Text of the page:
Any decision on the future of Harvard's ROTC ties will have to wait until the Faculty can meet and discuss President Clinton's new compromise on the issue of the ban on gays in the military, President Neil I., Rudenstine said in an interview yesterday.
Clinton announced last week that he would put forth a compromise proposal entitled "don't ask, don't tell," in which military recruits would not be questioned about sexual orientation but could be discharged for "homosexual conduct."
The Faculty voted in May to approve the report by the Committee on ROTC, chaired by Pforzheimer University Professor Sidney Verba '53, which called for Harvard to stop paying MIT a fee for Harvard students to participate in the MIT ROTC program with the first-year class entering in the fall of 1994.
Rudenstine said the entire Faculty will have to discuss whether it feels the decision brings the ROTC program in line with the sexual orientation clause of Harvard's anti-discriminatory policy.
"My sense is that...our first obligation is to go back to the faculty, and that includes Professor Verba," he said. "I don't mean we necessarily want to call his whole committee back into session, but they certainly ought to be asked for their views, and the Faculty Council, and then the whole Faculty, and see what the response is."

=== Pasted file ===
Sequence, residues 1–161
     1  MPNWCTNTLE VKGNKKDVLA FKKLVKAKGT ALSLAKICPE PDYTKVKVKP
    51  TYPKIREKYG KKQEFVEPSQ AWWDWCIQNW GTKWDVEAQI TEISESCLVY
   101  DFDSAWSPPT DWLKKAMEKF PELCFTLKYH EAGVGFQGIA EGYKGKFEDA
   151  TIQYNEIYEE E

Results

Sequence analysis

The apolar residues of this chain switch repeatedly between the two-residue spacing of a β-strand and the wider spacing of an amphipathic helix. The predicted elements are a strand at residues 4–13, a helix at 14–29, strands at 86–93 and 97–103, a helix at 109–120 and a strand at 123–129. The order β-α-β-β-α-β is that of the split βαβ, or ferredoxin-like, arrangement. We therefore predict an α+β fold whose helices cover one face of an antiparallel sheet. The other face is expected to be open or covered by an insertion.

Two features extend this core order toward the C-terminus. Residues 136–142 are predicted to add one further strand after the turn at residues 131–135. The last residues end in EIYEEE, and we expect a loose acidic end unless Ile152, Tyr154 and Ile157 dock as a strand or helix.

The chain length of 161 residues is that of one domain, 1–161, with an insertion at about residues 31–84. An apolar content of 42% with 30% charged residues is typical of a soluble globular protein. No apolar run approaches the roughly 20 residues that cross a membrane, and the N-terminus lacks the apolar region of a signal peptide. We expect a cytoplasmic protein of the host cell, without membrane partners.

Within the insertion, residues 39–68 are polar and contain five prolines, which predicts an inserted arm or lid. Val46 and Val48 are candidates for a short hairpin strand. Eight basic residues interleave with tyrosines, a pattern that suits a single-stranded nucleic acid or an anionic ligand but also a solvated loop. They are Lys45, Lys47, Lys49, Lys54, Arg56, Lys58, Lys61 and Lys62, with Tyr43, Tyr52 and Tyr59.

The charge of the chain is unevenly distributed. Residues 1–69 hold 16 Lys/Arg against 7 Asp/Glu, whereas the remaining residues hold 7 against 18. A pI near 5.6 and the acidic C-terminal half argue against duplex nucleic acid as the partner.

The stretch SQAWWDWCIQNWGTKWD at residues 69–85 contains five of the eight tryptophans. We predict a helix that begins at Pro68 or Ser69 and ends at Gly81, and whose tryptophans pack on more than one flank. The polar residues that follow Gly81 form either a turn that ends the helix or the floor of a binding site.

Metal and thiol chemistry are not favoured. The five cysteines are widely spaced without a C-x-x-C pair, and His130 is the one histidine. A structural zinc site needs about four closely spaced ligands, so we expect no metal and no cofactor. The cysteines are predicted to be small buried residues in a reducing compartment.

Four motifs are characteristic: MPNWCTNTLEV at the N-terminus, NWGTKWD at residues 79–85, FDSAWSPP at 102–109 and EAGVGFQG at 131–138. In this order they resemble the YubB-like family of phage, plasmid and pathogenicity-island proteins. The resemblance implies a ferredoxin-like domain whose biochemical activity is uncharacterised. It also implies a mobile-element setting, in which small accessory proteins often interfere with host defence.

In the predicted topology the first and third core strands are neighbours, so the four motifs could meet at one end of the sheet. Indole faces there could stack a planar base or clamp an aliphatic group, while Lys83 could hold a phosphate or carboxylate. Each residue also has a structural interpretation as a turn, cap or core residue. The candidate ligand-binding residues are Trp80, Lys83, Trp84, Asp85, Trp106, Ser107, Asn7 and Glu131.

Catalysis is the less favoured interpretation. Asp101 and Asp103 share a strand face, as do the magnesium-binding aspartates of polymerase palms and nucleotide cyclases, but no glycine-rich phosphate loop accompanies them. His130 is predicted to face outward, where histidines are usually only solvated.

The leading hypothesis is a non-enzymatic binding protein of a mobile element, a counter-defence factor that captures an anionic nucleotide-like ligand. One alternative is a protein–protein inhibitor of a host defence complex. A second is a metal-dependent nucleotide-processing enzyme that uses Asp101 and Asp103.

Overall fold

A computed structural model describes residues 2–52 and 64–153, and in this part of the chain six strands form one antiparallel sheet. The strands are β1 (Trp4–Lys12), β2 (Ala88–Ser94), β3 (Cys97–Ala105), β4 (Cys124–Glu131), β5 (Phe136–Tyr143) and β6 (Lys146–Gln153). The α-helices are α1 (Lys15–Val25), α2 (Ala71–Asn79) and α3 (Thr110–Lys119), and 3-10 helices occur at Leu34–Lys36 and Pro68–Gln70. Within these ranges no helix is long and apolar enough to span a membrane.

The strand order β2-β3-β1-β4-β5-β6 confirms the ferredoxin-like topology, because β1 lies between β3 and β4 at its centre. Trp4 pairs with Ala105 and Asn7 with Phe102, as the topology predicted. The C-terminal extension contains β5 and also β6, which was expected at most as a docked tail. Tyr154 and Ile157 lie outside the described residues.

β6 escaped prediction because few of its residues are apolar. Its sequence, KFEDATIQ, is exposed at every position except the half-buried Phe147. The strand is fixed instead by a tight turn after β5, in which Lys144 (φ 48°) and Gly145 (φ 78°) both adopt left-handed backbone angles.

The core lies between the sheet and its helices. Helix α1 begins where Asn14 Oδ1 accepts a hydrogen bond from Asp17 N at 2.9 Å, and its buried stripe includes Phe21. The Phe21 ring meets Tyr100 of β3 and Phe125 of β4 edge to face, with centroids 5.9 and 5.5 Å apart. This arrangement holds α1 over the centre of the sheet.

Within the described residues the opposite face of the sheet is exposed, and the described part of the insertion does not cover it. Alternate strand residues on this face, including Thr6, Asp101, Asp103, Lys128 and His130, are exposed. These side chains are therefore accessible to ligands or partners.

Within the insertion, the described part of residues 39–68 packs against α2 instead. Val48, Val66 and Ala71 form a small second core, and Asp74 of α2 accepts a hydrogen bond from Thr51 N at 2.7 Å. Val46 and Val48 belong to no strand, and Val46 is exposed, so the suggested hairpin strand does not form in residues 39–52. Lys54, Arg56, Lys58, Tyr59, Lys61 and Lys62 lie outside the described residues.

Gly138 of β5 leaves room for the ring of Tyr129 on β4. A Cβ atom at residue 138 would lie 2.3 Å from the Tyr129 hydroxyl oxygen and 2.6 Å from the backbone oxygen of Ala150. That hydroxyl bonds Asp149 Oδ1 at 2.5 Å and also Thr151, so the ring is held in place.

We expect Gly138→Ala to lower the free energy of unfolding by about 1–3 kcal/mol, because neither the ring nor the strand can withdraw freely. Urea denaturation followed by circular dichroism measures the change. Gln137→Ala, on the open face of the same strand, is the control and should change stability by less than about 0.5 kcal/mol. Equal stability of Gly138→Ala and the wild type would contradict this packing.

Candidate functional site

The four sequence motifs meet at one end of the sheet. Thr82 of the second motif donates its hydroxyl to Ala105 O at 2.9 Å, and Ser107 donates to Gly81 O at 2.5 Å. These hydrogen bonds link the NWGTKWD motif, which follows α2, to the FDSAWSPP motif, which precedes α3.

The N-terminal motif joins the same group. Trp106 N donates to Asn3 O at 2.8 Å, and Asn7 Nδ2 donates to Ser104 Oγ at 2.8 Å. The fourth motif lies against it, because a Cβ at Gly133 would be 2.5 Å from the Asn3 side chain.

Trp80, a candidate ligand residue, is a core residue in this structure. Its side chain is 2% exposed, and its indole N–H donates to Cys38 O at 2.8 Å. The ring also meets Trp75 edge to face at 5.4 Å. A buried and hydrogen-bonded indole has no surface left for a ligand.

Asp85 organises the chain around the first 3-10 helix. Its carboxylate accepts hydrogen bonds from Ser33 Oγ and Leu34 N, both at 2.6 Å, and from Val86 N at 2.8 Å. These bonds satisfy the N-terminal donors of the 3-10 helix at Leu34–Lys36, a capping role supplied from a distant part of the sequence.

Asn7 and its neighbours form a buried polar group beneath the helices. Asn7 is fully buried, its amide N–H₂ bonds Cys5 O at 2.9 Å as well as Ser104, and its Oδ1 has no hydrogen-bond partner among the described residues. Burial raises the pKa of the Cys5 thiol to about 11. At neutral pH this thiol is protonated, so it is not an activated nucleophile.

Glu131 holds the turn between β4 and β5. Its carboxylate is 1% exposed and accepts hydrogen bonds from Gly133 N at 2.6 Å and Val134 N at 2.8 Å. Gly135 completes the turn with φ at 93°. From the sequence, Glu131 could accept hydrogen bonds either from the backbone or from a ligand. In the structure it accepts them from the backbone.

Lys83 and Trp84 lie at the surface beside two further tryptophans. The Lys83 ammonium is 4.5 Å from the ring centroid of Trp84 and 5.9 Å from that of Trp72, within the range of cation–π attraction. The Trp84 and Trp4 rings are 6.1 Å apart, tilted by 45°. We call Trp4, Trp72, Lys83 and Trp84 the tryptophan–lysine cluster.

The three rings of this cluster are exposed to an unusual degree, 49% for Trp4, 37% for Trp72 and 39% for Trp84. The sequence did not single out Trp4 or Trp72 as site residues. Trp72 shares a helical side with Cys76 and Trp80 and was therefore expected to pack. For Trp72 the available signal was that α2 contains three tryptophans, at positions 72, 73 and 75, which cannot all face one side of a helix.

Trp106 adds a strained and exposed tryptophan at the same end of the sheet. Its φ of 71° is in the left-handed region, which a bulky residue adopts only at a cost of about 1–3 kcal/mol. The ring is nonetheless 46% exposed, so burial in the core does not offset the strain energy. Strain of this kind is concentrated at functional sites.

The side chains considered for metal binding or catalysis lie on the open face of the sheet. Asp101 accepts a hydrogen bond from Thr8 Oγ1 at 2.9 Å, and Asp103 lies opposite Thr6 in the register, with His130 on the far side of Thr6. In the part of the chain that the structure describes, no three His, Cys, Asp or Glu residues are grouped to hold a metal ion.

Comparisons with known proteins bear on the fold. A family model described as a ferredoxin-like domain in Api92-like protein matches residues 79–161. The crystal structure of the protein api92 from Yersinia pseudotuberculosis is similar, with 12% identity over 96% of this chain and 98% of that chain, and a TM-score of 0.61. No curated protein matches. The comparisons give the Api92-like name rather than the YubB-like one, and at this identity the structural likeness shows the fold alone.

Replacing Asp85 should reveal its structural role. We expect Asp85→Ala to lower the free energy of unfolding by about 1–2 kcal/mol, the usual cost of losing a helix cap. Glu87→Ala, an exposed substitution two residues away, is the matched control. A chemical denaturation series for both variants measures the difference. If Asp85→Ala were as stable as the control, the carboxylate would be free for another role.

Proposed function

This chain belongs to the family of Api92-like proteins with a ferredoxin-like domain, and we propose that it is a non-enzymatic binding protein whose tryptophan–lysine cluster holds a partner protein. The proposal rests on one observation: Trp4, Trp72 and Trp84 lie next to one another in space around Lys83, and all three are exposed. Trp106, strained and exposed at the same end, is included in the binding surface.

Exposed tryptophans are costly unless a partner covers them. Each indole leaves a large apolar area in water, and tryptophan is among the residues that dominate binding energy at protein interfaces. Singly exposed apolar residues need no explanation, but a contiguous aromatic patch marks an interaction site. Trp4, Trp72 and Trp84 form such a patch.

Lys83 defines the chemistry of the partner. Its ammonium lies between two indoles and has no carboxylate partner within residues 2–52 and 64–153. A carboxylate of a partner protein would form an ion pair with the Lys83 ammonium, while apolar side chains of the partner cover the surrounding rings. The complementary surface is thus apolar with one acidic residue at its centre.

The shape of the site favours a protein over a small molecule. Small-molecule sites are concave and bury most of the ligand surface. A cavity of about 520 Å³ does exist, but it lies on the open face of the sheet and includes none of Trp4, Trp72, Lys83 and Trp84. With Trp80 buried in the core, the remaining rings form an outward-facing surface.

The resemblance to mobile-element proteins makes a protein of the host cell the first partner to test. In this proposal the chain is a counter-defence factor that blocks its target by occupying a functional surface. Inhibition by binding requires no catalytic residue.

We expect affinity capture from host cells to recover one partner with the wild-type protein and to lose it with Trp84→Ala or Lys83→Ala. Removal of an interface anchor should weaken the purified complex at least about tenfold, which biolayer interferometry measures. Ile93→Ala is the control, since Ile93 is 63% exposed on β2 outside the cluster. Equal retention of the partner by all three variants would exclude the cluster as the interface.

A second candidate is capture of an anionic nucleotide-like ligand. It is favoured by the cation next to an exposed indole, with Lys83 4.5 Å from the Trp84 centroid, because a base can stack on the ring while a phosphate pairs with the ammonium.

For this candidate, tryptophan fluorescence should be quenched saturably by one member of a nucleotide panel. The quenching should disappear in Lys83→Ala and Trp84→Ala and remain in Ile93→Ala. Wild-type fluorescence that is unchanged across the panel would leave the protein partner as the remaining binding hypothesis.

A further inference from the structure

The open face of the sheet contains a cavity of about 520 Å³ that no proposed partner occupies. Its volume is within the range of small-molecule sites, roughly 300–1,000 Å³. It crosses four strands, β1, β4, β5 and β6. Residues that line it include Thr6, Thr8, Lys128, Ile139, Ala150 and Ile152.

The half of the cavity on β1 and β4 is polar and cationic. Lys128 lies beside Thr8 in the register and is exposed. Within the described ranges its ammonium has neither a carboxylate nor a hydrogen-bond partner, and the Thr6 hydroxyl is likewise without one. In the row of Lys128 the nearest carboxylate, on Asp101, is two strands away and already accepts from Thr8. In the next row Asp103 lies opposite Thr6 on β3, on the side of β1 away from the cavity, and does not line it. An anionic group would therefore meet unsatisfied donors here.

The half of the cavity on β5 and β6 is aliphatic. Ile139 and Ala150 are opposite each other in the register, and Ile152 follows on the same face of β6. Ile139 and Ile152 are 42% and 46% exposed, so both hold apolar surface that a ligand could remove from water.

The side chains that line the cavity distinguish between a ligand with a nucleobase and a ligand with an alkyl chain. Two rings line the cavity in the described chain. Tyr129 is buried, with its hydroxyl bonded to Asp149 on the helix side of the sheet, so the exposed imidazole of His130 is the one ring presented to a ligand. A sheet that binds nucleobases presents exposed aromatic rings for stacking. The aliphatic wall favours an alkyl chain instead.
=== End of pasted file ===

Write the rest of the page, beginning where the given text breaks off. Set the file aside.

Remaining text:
Rudenstine said that he did not think the process would go quickly.
"The main recommendation was that we should not pay the fee any more and that would in some sense put us sufficiently at a distance. Well, there's no way that I know of that MIT will say in one day. It may take weeks, it may take months. I just don't know," he said.
The Faculty, if they choose, will adhere to the committee-imposed deadline.
He also said that he would like to have the specifics and the legality of the new government policy checked out by Harvard's own experts before making a final decision.
"I want to get the wording of what exactly was passed, because there is language that I want to make sure that not only I but the General Counsel's office people understand," Rudenstine said. "I'd be interested to know what some of our lawyers think the constitutionality of it is."
Rudenstine, however, refused to give his own opinion on Clinton's decision at this time.
"I have a view. I just think I really ought not to preempt the faculty," he said. "I'll be more than glad in the course of the discussions to say what I think...but I'd rather hear what they have to say first and not to seem to be signalling to them one thing or the other.